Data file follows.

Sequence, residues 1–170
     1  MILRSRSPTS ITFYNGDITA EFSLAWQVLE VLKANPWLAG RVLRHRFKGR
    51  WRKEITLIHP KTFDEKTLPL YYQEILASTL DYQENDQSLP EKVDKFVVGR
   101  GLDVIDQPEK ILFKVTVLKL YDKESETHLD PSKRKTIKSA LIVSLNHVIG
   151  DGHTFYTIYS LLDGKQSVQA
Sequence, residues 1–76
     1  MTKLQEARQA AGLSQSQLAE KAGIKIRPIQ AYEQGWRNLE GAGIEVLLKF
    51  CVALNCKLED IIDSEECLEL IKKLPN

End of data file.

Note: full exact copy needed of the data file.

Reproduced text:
Sequence, residues 1–170
     1  MILRSRSPTS ITFYNGDITA EFSLAWQVLE VLKANPWLAG RVLRHRFKGR
    51  WRKEITLIHP KTFDEKTLPL YYQEILASTL DYQENDQSLP EKVDKFVVGR
   101  GLDVIDQPEK ILFKVTVLKL YDKESETHLD PSKRKTIKSA LIVSLNHVIG
   151  DGHTFYTIYS LLDGKQSVQA
Sequence, residues 1–76
     1  MTKLQEARQA AGLSQSQLAE KAGIKIRPIQ AYEQGWRNLE GAGIEVLLKF
    51  CVALNCKLED IIDSEECLEL IKKLPN